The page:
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“Get the hell off the stage!!” A bit of ‘harmless’ pushing to get the job done or abusive supervision?

Stacey scored her job as                     


by Florian Klonek

    An important negative aspect that Stacey identified in her job as a professional dancer is the way in which some artistic directors treat dancers. Artistic directors can be highly confrontational, ruthless and “straight-out mean”. Stacey described an event in which she had to jump into a routine as an understudy. Because she was struggling with the routine, the artistic directors started yelling at her - ‘Get the hell off stage! What are you doing? We have a gig in one hour. That (dancing) is shocking!’. Injury is no protection from the abuse: “You get criticized when you are injured and literally cannot use your leg because you are so much in pain”. 

Stacey’s descriptions of artistic directors relates to the concept of abusive supervision, defined as the extent to which followers perceive that their supervisor engages in ‘sustained display of hostile verbal and/ or nonverbal behaviours’ [1] . Sometimes, supervisors might actually be trying “to elicit high performance or to send the message that mistakes will not be tolerated” (p. 265). But irrespective of the supervisor’s motive or intent, if the behavior causes harm and is repeated, then the supervisor’s behavior is likely to classify as abusive. 

    Abusive supervision has severe negative consequences for those on the receiving end. These include decreased job satisfaction, emotional exhaustion, workplace deviance, job strain, and even aggression directed towards the supervisor )[2]. These negative consequences are reflected in how Stacey dealt with these situations. The comments of her artistic director affected her psychological well-being: “Sometimes, I didn’t cope with it, I crumble, go home and just… hide.”.  The abusive behaviour also impaired her job performance:

“You start second-guessing yourself because you think: Ok – I need to think about this better. But then your musicality is off because you are not actually listening to the music. (…) To me a good director – is someone who does not completely kill someone’s confidence. ... Is this making the dancers dance better? I don’t think so. … It is counterproductive”.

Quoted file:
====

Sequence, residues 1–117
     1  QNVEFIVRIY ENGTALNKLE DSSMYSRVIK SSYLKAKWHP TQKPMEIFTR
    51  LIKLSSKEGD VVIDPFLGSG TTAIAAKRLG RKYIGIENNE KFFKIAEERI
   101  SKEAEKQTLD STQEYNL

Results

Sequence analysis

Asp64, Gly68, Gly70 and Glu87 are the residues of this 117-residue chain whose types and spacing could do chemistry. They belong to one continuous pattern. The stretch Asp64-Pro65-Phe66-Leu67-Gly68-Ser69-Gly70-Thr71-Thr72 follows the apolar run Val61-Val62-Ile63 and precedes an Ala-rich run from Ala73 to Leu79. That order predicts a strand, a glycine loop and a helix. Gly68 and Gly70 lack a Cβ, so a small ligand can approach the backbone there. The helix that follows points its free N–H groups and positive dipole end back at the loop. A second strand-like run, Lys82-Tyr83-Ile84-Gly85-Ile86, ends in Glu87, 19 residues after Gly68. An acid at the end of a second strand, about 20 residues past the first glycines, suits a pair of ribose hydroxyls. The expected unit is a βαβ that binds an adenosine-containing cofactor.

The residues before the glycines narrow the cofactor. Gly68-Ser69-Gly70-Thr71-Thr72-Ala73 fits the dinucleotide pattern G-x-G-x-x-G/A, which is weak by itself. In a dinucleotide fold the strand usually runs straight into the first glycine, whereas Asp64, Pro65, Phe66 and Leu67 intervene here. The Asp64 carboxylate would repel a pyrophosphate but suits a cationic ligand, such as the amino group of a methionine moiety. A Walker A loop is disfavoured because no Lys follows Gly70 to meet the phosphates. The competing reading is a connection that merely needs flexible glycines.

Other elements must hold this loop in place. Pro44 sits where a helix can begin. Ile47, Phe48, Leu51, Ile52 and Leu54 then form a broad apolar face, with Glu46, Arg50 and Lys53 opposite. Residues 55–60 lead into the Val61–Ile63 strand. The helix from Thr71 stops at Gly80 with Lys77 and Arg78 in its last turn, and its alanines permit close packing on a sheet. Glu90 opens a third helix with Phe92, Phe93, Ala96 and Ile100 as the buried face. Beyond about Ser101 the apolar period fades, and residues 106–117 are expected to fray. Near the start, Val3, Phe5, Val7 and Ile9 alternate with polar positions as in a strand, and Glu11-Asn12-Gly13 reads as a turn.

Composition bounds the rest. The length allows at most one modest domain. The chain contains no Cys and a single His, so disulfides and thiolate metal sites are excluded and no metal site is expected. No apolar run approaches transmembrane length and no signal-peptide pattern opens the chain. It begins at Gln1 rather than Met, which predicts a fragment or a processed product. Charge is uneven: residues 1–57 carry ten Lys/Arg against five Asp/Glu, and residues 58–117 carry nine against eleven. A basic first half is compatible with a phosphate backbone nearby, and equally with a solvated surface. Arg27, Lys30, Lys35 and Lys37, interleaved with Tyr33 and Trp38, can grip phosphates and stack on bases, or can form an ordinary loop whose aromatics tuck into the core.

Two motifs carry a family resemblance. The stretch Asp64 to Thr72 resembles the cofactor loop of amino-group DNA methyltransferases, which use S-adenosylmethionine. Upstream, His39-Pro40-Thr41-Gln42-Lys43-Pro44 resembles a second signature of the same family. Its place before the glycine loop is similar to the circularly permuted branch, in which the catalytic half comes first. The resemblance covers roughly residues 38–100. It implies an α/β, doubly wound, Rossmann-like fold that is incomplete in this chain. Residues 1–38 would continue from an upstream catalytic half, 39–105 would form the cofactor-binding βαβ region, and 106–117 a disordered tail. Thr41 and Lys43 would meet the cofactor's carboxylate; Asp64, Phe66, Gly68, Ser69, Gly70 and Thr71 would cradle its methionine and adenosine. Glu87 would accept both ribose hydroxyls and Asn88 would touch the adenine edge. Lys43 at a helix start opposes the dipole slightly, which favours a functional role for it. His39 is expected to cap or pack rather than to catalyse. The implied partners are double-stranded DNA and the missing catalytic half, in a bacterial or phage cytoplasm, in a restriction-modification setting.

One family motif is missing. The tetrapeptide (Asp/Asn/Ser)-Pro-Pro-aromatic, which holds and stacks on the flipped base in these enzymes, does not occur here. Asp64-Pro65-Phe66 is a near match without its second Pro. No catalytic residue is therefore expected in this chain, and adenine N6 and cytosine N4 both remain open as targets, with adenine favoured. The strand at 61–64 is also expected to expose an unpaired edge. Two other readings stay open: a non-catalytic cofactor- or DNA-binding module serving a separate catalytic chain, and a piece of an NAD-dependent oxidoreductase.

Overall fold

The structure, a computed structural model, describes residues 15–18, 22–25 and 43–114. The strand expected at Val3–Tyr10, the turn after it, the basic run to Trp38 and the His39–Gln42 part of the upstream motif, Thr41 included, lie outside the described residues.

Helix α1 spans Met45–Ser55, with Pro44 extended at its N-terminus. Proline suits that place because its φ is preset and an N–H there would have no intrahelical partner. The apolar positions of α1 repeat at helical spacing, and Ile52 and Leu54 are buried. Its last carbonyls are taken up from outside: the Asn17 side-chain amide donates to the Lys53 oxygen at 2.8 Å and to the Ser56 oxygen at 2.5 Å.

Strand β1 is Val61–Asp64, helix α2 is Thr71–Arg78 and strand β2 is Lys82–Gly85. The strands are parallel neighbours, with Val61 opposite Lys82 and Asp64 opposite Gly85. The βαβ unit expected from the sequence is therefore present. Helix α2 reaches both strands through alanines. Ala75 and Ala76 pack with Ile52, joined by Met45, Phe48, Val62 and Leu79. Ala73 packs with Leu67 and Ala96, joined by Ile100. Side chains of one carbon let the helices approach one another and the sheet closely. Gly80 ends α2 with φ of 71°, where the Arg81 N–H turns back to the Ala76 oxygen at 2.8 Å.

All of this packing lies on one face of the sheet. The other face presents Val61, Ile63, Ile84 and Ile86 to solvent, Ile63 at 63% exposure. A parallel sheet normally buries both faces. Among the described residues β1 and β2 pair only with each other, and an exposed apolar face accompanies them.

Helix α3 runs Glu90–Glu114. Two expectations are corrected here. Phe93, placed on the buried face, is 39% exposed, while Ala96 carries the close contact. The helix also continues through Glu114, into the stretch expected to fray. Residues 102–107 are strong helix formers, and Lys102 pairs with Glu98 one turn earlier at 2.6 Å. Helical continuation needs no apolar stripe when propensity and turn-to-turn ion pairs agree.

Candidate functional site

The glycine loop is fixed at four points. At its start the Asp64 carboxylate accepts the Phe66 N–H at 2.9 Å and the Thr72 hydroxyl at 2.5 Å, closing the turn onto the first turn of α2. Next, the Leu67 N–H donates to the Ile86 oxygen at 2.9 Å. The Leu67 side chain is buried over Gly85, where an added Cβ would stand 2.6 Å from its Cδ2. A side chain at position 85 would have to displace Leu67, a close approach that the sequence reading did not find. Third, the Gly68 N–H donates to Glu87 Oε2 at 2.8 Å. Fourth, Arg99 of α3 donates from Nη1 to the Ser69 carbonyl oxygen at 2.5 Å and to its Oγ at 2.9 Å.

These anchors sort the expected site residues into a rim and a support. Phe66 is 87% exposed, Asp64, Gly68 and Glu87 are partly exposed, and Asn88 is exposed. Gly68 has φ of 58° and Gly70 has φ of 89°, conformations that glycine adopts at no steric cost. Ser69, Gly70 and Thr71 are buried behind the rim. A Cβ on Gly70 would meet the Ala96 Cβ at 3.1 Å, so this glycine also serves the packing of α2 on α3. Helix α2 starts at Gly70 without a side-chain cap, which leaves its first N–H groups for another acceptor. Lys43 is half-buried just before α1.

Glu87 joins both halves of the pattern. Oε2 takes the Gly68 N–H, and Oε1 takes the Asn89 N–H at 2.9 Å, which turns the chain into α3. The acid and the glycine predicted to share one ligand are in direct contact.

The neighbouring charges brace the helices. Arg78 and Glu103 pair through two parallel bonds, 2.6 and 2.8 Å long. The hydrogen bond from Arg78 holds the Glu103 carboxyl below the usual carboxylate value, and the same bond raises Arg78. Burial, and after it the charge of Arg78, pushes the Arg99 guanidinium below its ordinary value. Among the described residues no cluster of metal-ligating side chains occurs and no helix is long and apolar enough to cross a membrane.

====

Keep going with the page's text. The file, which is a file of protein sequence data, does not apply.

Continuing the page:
One job resource that helped Stacey to deal with the supervisor criticism was the support of her dance team members. Her colleagues helped her to cope with the situation and sympathized with her by saying “He is an idiot. He just talked to me like this yesterday”. Several research studies confirm that co-worker support can attenuate the negative effect of abusive supervision on employee well-being [3] , although there is one study suggesting caution. This latter study showed that – when the support serves to remind the victim of the unpleasant experience - support from co-worker can actually make abusive supervision worse [4].

    Research on abusive supervision also indicates that some industries (i.e., healthcare and military) might be particularly vulnerable to this phenomenon – probably because these are industries that require extreme levels of commitment. For example, in the military, workers can experience behaviors like hazing or exposure to humiliating language. “The logic associated with these practices is that the process of humbling and stripping away the self-confidence of newcomers sets the stage for strong identification with the organization”. [2] 

While this phenomenon has been described in the military, we can only speculate if abusive supervision is especially prevalent in the performing arts arena, such as dancing. Stacey’s experience suggests it might well be. And if it is, rather than building strong commitment to the job, such cruel behavior is actually more likely to cause talented dancers to leave the profession prematurely. As Stacey recalled some dancers “just walk away as its simply too tough”.


 [1] Tepper, B. J. (2000). Consequences of abusive supervision. Academy of Management Journal, 43: 178-190.
 [2] Tepper, B. J. (2007). Abusive supervision in work organizations: Review, synthesis, and research agenda. Journal of Management, 33(3), 261-289.
 [3] For example, see: Hobman, E. V., Restubog, S. L. D., Bordia, P., & Tang, R. L. (2009). Abusive supervision in advising relationships: Investigating the role of social support. Applied Psychology, 58(2), 233-256.
 [4] Wu, T., & Hu, C. (2009). Abusive supervision and employee emotional exhaustion: Dispositional antecedents and boundaries. Group Organization Management, 34, 143–169

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